Hepburn e` la moglie di un uomo politico morto misteriosamente al quale guardavano i patrioti come a un nuovo Lincoln; lui è un giornalista ficcanaso che riesce a penetrare nella villa della vedova reticente e a scoprire la verità: l'uomo era un pericoloso fascista, capo di un'organizzazione eversiva; la donna, che aveva scoperto i suoi intrighi, non fece nulla per avvertirlo, mentre stava correndo in auto verso un ponte crollato, e, dopo la sua morte volle che la sua memoria non fosse sporcata dalla verità. Giallo, melodramma e propaganda anti-fascista testimoniano l'influenza della guerra: i film sono insolitamente cupi e abbondano di riferimenti a demoni del male.

Her Cardboard Lover (1942) is a comedy in which a girl hires a gigolo to make her fiance jealous.

Cukor presta anche servizio per un breve periodo, ma nel 1944 è di nuovo a Hollywood a dirigere Ingrid Bergman in Gaslight, tratto da una commedia inglese, altro film della serie "europea" e altro giallo, questa volta addirittura di marca hitchcockiana (interpreti e sceneggiatori sono in gran parte europei: ungheresi, austriaci, svedesi, tedeschi e inglesi).
Gaslight (1945), a remake of Thorold Dickinson's Gaslight (1940), which was in turn ad adaptation of Patrick Hamilton's play Gaslight (1938), is a superb psychological thriller. We understand early on who is the villain and who is the victim, but we don't know the motive and what crime exactly he intends to commit.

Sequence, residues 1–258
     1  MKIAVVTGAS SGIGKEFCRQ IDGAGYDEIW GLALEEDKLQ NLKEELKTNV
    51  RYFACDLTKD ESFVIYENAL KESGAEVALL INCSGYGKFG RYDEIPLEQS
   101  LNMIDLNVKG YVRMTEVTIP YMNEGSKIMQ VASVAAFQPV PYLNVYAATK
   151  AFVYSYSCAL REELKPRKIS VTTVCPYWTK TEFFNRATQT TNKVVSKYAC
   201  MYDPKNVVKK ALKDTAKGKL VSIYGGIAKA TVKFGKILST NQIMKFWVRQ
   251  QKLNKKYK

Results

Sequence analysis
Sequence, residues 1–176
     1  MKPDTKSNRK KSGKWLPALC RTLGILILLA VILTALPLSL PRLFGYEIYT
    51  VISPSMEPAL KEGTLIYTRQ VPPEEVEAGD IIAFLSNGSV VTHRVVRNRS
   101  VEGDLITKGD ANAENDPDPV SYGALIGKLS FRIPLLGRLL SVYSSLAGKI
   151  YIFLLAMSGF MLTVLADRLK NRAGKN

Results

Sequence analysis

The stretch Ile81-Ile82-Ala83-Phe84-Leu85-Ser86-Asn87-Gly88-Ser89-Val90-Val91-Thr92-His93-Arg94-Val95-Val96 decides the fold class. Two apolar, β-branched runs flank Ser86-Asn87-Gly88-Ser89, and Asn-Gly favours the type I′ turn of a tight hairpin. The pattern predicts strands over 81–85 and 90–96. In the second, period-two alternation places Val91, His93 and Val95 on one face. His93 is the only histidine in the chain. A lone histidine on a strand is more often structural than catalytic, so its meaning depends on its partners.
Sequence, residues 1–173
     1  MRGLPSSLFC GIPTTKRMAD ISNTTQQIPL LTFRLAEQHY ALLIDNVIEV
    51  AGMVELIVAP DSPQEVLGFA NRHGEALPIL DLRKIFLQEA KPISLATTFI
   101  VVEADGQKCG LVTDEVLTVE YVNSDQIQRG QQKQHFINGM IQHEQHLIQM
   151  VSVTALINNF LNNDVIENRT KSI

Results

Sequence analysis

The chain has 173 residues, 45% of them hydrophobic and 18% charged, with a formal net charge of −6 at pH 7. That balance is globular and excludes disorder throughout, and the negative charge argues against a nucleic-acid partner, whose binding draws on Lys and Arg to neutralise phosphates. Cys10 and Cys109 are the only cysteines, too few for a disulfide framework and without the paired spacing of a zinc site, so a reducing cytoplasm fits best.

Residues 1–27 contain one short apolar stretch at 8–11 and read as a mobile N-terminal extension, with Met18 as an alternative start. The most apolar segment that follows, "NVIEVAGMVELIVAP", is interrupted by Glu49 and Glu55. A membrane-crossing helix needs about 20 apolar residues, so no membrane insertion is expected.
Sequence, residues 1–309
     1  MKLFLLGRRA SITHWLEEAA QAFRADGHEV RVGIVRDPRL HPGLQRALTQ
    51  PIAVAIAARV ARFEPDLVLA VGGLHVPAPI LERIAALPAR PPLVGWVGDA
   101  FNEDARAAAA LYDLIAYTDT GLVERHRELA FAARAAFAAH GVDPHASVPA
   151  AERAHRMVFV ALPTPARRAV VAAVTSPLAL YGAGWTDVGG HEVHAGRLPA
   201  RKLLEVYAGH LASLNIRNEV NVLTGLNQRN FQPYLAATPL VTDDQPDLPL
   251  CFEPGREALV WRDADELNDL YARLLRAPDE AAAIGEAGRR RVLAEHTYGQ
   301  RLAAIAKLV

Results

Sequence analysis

The story is set in the 19th century. Paula (Ingrid Bergman), an orphan, was raised by her aunt in London, but left the house after her aunt (a famous diva) was mysteriously murdered. She has never recovered from the shock. She meets a good-looking pianist, Gregory, while she is taking singing lessons, and he seduces her. After a brief vacation in Italy, he convinces her to move back to the house that has been empty for ten years. She trusts him even if she knows very little about his past. When they arrive, they meet a kind old lady who was on the train with Paula and who happens to live across the street. Paula is still haunted by the memory of the murder. Her husband behaves in a strange way: he is upset by a letter that she finds, addressed to her aunt a few days before she died, and signed Sergius. He makes her believe that she is forgetful. She hears footsteps from the ceiling. She is guarded so closely by the old deaf cook and especially by the young housemaid whom he hired. A man thinks he recognizes the dead woman when he sees Paula. He waits in front of her house, and hears from the talkative neighbor that Paula never leaves the house. In fact, Paula is psychologically a prisoner: her husband convinces her that she is not well enough to leave the house, and the housemaid makes her feel uncomfortable the only time that she tries. The gentleman who used to know her aunt, Brian, is a detective. Brian digs up the old case and finds out that the case was closed but never solved. Furthermore, some jewels given to the diva by a highly-placed figure were never found. Paula's husband pretends to be a caring and kind husband, but in reality he hampers all her attempts to socialize (he even sends away the old neighbor when she shows up with her "nephew", i.e. the detective) and convinces her that she is imagining things (for example that the maid is hostile, when in fact the maid is very hostile and he is doing everything he can to make her even more hostile towards Paula). He proves to her, in front of the servants, that she is a kleptomaniac. All the while, he flirts with the young housemaid. Then he goes out, leaving the poor woman miserable and alone. And she hears the footsteps and sees the lights flickering. Finally, one evening she insists that they go together to a party. He tries to dissuade her but this time has to give in. Then, at the party, he convinces her that she again committed a kleptomaniac act (stole his watch). She starts crying and they leave, proving to everybody that she is indeed sick. At home, he tells her that she is insane, that he first noticed when she found the letter: it was a blank letter. He tells her that her mother died in a mental asylum. At night, she still hears footsteps. She calls for help, but the old cook is deaf and doesn't hear a thing.